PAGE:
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Visual objective feedback as a performance enhancer

Receiving real-time feedback during training helps users learn to lift with intent, leading to improved performance even after the feedback is no longer provided.

A man performing squats with real time feedback on AlphaPWR


In sport-specific training we aim for an increase in power. An important variable in power training is the intention of lifting as fast as possible in the concentric phase. Coaches often try to give verbal encouragement to help the athletes to lift with intent, but most studies show a lack of success doing so. In this study the author compared verbal subjective feedback to visual objective feedback, wanting to find out if adding visual feedback would increase lifting velocity. The second scope of the study was to look at what would happen when the feedback was removed. The findings can give coaches an edge when using feedback as a tool. Adding visual objective feedback on lifting velocity gave a statistically significant improvement in performance. Acute augmented visual feedback increased mean propulsive velocity in the squat compared to not receiving feedback, thereby acting as a performance enhancing tool for resistance training. Even after the feedback was removed, squat velocity remained high, suggesting a lasting effect on performance.


Maximizing potential gains of resistance training (RT) is in interest of all strength-training individuals. Especially for athletes invested in improving every detail to improve their sport. The use of augmented feedback in velocity-based training (VBT) has shown to be beneficial for strength, speed, and power (Argus et al., 2011, Harries et al., 2012, Keller et al., 2014, Zhang et al., 2021). Augmented feedback (AugFb) is feedback from an external source on knowledge of the result, for example information about movement outcome, or knowledge of performance, for example movement execution Using feedback, not only from a trainer, but from an objective measure is a potentially overlooked way of improving resistance training both acute and over time. Studies showes on motivation, competitiveness and perceived workload (Weakley et al., 2019; Weakley et al., 2020).

            In a systematic review by Weakley et al. (2023) an overview of the chronic and acute effects of feedback, and recommend the use of high-frequency, visual feedback as most effective for both acute and chronic outcomes in performance, and particularly effective for increasing motivation and competitiveness.


However, whether the increased performance when adding feedback is a lasting effect is not established. Keller et al. (2014) found that adding feedback increased acute jump performance, but when the feedback was removed, the jump-height dropped. From this study, Weakley et al. (2023) claimed that "removing feedback causes performance to return to pre-feedback levels". The author wanted to examine how the effect of removing feedback the squat. To examine this question, a study was conducted comparing two groups with and without feedback and measuring performance before, during and after feedback was given.

Study Design

The design was set to have one test group doing one set of squats without feedback, a second set with acute visual feedback, and finally a third set without feedback, while a control group doing three sets of squats without feedback. Other variables were made similar by using a standardized protocol for verbal encouragement for each participant. Performance was measured as lifting velocity in m/s (mean propulsive velocity of center of mass) and visual feedback was given after each rep on a large screen using Alphatek's system.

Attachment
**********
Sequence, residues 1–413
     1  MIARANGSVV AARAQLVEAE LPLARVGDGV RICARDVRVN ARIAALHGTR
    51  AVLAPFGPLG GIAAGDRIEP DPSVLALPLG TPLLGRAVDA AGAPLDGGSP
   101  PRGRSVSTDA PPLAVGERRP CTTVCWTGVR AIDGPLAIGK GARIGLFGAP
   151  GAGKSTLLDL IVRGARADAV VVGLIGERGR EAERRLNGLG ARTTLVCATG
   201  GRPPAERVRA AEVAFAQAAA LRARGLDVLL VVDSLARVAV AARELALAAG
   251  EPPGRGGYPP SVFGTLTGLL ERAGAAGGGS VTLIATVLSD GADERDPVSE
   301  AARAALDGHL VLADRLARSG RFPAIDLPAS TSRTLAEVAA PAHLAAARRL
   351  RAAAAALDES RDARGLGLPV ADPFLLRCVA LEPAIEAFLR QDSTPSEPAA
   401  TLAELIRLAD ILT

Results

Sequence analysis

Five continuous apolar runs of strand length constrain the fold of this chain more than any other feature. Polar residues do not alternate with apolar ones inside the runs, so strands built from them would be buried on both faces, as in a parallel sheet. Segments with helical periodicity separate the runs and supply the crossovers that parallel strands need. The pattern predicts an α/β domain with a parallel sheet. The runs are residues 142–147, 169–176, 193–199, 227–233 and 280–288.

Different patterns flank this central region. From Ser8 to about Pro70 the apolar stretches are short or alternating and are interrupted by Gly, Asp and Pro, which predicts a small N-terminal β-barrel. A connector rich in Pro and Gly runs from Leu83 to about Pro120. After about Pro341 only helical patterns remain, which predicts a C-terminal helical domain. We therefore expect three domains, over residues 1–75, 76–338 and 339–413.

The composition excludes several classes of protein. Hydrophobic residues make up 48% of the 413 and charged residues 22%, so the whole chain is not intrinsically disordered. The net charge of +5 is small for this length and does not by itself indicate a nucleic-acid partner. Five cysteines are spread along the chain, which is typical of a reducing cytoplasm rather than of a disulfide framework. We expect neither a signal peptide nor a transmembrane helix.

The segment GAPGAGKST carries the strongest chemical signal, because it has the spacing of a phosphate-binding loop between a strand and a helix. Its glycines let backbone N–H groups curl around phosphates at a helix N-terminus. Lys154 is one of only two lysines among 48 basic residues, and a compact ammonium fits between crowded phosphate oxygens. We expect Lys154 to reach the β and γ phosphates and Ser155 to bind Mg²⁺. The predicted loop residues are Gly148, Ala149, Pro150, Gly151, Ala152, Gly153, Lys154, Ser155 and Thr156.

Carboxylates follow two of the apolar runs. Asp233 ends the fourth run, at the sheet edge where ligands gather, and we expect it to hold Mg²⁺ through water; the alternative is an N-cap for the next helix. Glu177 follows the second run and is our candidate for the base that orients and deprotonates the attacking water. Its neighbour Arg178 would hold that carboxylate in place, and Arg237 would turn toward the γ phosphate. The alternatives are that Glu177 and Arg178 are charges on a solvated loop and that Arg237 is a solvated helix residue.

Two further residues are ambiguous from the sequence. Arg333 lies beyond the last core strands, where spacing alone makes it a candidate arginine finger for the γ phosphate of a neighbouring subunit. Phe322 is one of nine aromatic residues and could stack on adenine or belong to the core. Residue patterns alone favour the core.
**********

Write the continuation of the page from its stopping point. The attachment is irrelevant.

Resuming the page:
Explaination og how a study was performed
Figure 1: Visual representation of how the sudy was performed.

The sample consisted of 29 healthy adults, 12 female and 17 male, from age 20 to 55 (mean ±SD; age: 28.17 ± 8.0 years), with squatting experience from 1 to 20 years (mean ±SD; 5.4 ± 4.2 years). A criterion of squatting minimum once per week over the last year was chosen to ensure familiarity with the movement. Participants were recruited as an easy accessible convenience sample from gyms in Norway and randomly put in either the test or control group.


Each participant performed their sets of squats either with or without feedback with a standardized pause of 3 minutes, and load estimated to be around 60% of their 1RM. All participants were told that the researcher would see their velocity from all sets, ensuring no difference between groups in the feeling of being evaluated, as this is known to increase performance. The researcher monitored the velocity of these sets to ensure that velocity was in the power zone (0.50 m/s to 1.0 m/s), aiming to start the experiment at 0.60 to 0.70 m/s.

Forceplate with real time feedback
Figure 2: Visual presentation of the AlphaPWR system

After the data collection, data was analyzed in SPSS with inferential statistics, running both paired sample t-tests and independent t-tests. In the process of analyzing, change from set to set was evaluated to understand the effect of adding and removing feedback.


Paired Sample T-Tests

Paired samples t-test was conducted to investigate whether in-group changes in velocity were significant. In Table 1 paired samples statistics for each set and each group are presented with means and SD for reference, and Table 2 shows test results.

Table with statistics
Table 1: Paired samples statistics of velocity (m/s)


Table with statistics
Table 2: Results from paired samples t-tests. P1= Set 1&2 Feedback group (FG). P2= Set 2&3 FG. P3 = Set 1&3 FG. P4= Set 1&2 Control group (CG). P5= Set 2&3 CG. P6 = Set 1&3 CG

Independent Sample T-Test:

Independent samples t-test was run to analyze the between-group differences. For this test, a new variable for the difference between sets was computed. These difference variables are described in Table 6. The change between FG sets 1 & 2 was then compared with the change in CG set 1 & 2 to establish the effect of adding feedback in the sample. To investigate the research question of what happens when feedback is removed the change between FG sets 1 & 3 was compared with the change in CG sets 1 & 3.

Table with statistics
Table 3: Group statistics with mean difference variable for each group used for the independent samples t-test.

Table with statistics